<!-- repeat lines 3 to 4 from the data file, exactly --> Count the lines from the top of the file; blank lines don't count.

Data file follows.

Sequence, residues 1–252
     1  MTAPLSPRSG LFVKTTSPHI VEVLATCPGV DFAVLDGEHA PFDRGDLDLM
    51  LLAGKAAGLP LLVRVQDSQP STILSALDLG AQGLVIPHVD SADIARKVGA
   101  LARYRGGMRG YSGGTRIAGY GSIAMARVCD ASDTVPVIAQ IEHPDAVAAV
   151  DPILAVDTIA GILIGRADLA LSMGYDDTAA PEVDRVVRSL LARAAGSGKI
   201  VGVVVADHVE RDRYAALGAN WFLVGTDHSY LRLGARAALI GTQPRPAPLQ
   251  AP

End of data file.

    51  LLAGKAAGLP LLVRVQDSQP STILSALDLG AQGLVIPHVD SADIARKVGA
   101  LARYRGGMRG YSGGTRIAGY GSIAMARVCD ASDTVPVIAQ IEHPDAVAAV